The login credentials 28 may be entered (block 47) in a secure manner into the system 12, for example, by using encryption techniques. This process 44 may further include synchronizing (block 50) the login credentials 28 across all controllers 26 in the control system 12, such as by distributing the same login credentials into each controller 26. For example, secure transmission techniques such as SSL, Kerberos, and/or TLS may be used to distribute and synchronize the login credentials 28 amongst the controllers 26. The login credential may then be encrypted and stored (block 52) independently on each secured storage 30 of each controller 26 in the control system 12. The process 44 may then perform (block 48) on-demand, periodic and/or random security checks. In order to perform a security check (block 48), the process 44 may access (block 54) the previously stored login credentials 28 of each controller 26 in the control system 12. As the login credentials 28 may have been encrypted, the next step may be to decrypt (block 56) the login credentials 28 of each controller 26. The process 44 may then authenticate the login credentials 28 of each controller 26. The process 44 may then compare the login credentials 28 of all or some of the controllers 26 to confirm that the login credentials 28 are still synchronized and/or valid. The security check steps (blocks 54-60) may be repeated based upon predetermined time intervals, on demand, and/or at random. In certain embodiments, the security check steps (blocks 54-60) may be initiated or repeated upon any user login attempt or other indication of controller activity, such as controller access activity by a human entity, hardware entity and/or software entity. During the process 44, if any authentication or test fails, or if an error arises, an authorized user may be notified via an alert (e.g., through an alert display, sound, etc.), as this may indicate a potential security threat. The alert may be sent to an authorized user device such as a computer, wireless device, workstation, control center, and so forth.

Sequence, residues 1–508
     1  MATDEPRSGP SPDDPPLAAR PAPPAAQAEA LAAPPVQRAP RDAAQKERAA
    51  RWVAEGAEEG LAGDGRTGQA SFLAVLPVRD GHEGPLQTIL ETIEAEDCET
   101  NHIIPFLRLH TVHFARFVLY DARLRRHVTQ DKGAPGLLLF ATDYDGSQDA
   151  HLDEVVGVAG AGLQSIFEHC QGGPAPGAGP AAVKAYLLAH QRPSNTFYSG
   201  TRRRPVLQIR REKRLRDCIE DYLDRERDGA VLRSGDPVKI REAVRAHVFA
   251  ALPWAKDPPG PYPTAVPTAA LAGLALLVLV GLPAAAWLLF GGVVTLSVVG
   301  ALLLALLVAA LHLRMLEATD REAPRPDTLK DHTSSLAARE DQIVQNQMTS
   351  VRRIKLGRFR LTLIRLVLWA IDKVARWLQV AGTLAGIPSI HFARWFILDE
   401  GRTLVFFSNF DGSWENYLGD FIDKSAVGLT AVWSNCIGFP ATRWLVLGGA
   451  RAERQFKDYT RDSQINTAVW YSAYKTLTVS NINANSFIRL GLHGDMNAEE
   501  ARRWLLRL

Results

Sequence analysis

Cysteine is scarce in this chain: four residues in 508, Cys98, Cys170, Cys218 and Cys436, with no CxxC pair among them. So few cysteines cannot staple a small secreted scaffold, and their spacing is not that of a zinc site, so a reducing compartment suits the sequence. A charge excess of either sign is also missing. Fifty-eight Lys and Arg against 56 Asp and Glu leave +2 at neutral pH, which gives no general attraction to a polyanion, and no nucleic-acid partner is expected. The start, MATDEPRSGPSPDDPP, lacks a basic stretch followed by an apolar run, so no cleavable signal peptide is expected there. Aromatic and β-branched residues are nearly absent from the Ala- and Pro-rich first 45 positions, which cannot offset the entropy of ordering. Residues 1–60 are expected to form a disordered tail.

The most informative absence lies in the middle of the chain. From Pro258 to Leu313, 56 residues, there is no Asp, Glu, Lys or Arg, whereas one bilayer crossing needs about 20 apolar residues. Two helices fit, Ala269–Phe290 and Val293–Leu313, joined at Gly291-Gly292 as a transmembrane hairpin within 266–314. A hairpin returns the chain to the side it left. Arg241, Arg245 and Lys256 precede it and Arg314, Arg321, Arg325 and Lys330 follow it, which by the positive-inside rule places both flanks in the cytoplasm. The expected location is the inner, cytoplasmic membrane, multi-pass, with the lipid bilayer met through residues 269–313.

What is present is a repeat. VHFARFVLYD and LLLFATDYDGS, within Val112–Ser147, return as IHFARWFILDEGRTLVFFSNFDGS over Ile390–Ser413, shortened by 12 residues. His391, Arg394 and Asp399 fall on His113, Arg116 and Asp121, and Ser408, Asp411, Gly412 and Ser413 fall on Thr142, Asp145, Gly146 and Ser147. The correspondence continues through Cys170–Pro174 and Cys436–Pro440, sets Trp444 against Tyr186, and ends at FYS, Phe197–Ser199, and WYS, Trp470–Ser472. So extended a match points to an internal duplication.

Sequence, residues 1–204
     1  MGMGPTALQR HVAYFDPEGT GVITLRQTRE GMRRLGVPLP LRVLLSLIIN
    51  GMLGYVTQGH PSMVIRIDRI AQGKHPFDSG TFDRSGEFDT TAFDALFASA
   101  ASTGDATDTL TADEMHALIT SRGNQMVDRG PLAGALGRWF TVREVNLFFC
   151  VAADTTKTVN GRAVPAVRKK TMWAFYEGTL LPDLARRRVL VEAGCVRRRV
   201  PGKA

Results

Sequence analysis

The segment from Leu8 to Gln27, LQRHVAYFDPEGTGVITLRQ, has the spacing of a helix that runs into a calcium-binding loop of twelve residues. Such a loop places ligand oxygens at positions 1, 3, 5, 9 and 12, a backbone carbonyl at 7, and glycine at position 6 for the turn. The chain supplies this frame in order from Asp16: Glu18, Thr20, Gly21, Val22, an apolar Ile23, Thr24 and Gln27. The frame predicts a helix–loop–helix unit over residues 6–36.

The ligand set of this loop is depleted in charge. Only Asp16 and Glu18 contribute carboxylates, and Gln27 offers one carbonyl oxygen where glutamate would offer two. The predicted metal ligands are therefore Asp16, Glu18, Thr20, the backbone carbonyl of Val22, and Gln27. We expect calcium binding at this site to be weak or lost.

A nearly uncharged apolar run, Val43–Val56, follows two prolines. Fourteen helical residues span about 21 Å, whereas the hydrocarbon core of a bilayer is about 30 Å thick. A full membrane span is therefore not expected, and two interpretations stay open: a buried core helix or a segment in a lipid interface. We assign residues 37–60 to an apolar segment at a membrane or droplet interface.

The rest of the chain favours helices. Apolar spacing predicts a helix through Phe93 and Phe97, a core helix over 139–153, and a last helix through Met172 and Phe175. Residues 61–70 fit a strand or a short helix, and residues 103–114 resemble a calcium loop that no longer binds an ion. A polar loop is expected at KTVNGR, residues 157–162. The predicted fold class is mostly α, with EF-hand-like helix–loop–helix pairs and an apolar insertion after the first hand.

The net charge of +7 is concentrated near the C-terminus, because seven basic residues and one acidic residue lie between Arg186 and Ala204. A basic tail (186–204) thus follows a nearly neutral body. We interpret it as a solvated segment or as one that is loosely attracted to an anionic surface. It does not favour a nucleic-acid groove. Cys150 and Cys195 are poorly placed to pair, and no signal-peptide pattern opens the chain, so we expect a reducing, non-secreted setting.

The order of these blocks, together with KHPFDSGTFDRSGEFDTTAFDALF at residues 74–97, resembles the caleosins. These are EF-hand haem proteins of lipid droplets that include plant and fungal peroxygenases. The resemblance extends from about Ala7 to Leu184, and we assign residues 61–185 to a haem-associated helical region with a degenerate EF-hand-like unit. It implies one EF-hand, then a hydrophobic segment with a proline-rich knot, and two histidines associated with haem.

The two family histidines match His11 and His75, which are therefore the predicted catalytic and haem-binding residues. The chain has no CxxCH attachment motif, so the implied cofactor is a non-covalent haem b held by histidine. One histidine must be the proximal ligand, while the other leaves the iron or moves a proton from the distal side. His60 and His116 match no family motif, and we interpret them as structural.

FIG. 3 is a flow chart that illustrates an embodiment of a process 61 for performing a security check or login authentication, for example, by using synchronized login credentials. As shown, each controller 26 of the control system 12 may perform the process 61, generally, in parallel. In other embodiments, the process 61 may be performed asynchronously. Each of the controllers 26 may attempt to read (block 62) the login credentials 28 from their respective secure repository 30. Each controller 26 may then detect (decision 64) whether the login credentials are available. If the login credentials are not available (decision 64), the controller 26 may raise (block 66) a diagnostic alert or alarm to notify of the error. This may indicate a potential security threat as the login credentials may have been removed by an unauthorized party or hacker, or may be due to a system error that requires maintenance. If the login credentials are available (decision 64), the controllers 26 may then decrypt (block 68) the login credentials 28. The decrypted login credentials 28 may then be authenticated (decision 70) by matching the decrypted (block 68) login credentials 28 against the read (block 62) login credential 28. If the login credentials do not match (decision 70), the controller 26 may raise (block 66) a diagnostic alarm or notify of the error, as this may indicate a security threat or system error. It should be noted that the login credential 28 that is read (block 62) may be a user inputted login credential or an existing, decrypted login credential. If the login credentials are successfully authenticated (decision 70), the process 61 may calculate (block 72) a cyclic redundancy check (CRC) code. The CRC code is a unique number or code that may be generated from the login credentials 28, for example, by using a CRC generation algorithm, table, or any other CRC generation technique. Generally, every unique string generates a unique CRC code, which may be expressed as a unique CRC number. It is to be noted, that, in other embodiments, other techniques useful in generating unique codes may be used instead of or in addition to the CRC code, for example, hash codes, electronic signatures, and so on. Once a unique login code has been generated for the matched login credentials 28, the unique login code generated by each controller may then be communicated for comparison (block 74) to each of the other controllers 26, for example, by using the networking device 38. In this manner, all the controllers 26 may independently verify the login credentials 28. If it is detected that the login credentials 28 are not consistent across every controller 26 in the control system 12, a diagnostic alarm or alert may be raised (block 66), to notify of the event. This may indicate that an unauthorized user has hacked or gain unauthorized entry into a controller 26 and/or altered the login credentials 28. Appropriate actions may then be taken.